CUR=11,5

       Solaris getwin requires that all parameters are present, and in the
       same order.  The xpg4 curses library does not know about the bce
       (back color erase) capability, and does not color the window
       background.

       On the other hand, the SVr4 curses library does know about the
       background color.  However, its screen dumps are in binary.  Here is
       the corresponding dump (using “od -t x1”):

         0000000 1c 01 c3 d6 f3 58 05 00 0b 00 0a 00 14 00 00 00
         0000020 00 00 02 00 00 00 00 00 00 00 00 00 00 00 00 00
         0000040 00 00 b8 1a 06 08 cc 1a 06 08 00 00 09 00 10 00
         0000060 00 00 00 80 00 00 20 00 00 00 ff ff ff ff 00 00
         0000100 ff ff ff ff 00 00 00 00 20 80 00 00 20 80 00 00
         0000120 20 80 00 00 20 80 00 00 20 80 00 00 20 80 00 00
         *
         0000620 20 80 00 00 20 80 00 00 20 80 00 00 48 80 00 04
         0000640 65 80 00 04 6c 80 00 04 6c 80 00 04 6f 80 00 04
         0000660 20 80 00 00 20 80 00 00 20 80 00 00 20 80 00 00
         *
         0000740 20 80 00 00 20 80 00 00 20 80 00 00 57 00 81 00
         0000760 6f 00 81 00 72 00 81 00 6c 00 81 00 64 00 81 00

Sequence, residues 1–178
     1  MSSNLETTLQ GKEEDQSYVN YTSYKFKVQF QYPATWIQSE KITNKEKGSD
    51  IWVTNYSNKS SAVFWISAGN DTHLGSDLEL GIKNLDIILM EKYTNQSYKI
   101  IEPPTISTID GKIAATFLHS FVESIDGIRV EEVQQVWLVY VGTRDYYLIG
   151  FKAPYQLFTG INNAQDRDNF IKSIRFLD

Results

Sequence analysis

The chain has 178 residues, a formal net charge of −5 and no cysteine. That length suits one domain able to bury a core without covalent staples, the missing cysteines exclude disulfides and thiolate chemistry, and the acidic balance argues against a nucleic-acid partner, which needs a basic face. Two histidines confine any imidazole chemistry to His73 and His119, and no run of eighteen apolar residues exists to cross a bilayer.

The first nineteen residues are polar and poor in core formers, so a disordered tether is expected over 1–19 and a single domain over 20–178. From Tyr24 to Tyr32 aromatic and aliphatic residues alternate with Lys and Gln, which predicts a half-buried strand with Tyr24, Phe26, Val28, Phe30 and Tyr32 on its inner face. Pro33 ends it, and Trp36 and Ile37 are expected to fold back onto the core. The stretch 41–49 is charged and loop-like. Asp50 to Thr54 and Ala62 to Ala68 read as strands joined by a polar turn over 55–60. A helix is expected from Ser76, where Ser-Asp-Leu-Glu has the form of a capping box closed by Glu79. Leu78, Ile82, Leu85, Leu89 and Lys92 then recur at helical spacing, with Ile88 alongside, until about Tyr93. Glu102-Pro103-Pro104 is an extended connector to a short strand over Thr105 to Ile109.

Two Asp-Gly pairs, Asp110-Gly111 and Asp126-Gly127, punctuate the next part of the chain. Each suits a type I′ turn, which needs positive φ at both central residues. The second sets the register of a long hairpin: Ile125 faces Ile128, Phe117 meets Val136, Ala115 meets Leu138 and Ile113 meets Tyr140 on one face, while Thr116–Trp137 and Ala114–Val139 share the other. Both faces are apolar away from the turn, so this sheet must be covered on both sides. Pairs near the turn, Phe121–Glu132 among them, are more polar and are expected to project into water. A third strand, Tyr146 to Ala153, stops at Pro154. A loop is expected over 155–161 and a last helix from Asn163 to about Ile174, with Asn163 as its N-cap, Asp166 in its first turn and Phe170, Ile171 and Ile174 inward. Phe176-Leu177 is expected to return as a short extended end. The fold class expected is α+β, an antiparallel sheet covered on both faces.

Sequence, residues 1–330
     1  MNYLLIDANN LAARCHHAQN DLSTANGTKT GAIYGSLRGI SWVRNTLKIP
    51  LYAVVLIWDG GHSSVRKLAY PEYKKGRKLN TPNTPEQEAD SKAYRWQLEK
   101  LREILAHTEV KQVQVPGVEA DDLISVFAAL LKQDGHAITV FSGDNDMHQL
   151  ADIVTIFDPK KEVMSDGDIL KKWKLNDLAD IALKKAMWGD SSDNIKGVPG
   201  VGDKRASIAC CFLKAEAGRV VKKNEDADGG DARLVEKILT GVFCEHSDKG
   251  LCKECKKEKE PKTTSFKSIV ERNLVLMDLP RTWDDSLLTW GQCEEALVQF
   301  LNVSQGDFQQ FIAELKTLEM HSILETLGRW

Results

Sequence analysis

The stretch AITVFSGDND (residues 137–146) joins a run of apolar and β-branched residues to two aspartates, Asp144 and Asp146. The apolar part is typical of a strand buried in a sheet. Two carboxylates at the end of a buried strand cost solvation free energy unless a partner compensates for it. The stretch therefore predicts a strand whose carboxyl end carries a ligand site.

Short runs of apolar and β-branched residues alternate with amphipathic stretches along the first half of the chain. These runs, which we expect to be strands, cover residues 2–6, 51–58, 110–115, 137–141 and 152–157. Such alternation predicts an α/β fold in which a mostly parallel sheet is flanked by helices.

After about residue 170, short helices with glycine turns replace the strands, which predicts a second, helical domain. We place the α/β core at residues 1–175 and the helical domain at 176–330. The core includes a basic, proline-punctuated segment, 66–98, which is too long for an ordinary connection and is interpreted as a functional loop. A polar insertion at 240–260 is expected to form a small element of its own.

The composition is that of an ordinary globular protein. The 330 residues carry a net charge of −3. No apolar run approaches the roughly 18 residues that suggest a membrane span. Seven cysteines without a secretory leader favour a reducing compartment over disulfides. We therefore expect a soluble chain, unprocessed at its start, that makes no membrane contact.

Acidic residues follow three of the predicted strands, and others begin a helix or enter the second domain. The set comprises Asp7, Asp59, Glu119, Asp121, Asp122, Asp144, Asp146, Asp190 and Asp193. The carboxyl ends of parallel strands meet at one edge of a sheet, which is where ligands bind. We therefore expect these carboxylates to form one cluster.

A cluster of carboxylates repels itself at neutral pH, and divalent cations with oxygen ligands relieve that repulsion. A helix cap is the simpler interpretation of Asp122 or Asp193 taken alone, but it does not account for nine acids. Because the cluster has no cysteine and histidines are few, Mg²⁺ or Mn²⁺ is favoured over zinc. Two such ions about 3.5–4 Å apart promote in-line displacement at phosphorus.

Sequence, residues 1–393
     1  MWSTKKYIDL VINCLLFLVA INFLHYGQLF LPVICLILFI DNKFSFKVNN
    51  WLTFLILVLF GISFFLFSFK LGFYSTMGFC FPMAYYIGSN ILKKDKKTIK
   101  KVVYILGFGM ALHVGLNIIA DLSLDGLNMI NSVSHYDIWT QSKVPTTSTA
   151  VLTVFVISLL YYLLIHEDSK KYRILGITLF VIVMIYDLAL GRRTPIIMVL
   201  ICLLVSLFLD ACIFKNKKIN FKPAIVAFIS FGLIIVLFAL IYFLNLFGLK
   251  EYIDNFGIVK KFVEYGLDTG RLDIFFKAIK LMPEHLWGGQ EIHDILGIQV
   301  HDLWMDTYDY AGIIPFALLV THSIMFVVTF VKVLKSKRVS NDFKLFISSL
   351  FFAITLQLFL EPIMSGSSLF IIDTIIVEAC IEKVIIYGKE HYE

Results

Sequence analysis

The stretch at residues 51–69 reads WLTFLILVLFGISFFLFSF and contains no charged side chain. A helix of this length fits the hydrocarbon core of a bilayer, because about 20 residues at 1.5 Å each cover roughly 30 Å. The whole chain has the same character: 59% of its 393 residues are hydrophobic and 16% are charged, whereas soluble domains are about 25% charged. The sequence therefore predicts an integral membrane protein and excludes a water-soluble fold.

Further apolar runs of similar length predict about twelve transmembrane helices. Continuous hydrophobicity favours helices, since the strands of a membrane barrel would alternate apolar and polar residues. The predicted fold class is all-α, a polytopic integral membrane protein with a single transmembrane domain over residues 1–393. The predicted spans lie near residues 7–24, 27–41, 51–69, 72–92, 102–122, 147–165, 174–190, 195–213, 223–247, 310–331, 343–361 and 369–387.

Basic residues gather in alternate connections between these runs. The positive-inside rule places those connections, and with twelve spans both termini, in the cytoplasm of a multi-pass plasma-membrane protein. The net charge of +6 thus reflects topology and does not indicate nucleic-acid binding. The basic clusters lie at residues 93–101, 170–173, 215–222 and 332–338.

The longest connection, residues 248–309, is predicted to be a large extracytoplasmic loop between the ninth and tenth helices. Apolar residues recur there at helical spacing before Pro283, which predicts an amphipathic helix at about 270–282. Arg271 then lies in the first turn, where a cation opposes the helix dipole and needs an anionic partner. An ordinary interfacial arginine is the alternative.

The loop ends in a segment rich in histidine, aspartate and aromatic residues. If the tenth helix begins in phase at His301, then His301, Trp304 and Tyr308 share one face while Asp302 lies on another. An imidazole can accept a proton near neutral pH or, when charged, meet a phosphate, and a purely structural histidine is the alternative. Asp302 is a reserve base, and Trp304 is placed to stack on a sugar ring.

0001000 21 00 81 00 20 80 00 00 20 80 00 00 20 80 00 00
         0001020 20 80 00 00 20 80 00 00 20 80 00 00 20 80 00 00
         *
         0001540 20 80 00 00 20 80 00 00 00 00 f6 d1 01 00 f6 d1
         0001560 08 00 00 00 40 00 00 00 00 00 00 00 00 00 00 07
         0001600 00 04 00 01 00 01 00 00 00 01 00 00 00 00 00 00
         0001620 00 00 00 00 00 00 00 00 00 00 00 00 00 00 00 00
         *
         0002371

SEE ALSO         top

       curs_scr_dump(3X), curs_util(3X).

AUTHORS         top

       Thomas E. Dickey
       extended screen-dump format for ncurses 6.0 (2015)

       Eric S. Raymond
       screen dump feature in ncurses 1.9.2d (1995)

COLOPHON         top

       This page is part of the ncurses (new curses) project.  Information
       about the project can be found at 
       ⟨https://www.gnu.org/software/ncurses/ncurses.html⟩.  If you have a
       bug report for this manual page, send it to
       bug-ncurses-request@gnu.org.  This page was obtained from the
       project's upstream Git mirror of the CVS repository 
       ⟨git://ncurses.scripts.mit.edu/ncurses.git⟩ on 2017-09-15.  If you
       discover any rendering problems in this HTML version of the page, or
       you believe there is a better or more up-to-date source for the page,
       or you have corrections or improvements to the information in this
       COLOPHON (which is not part of the original manual page), send a mail
       to man-pages@man7.org

                                                                 scr_dump(5)

Pages that refer to this page: curs_scr_dump(3x)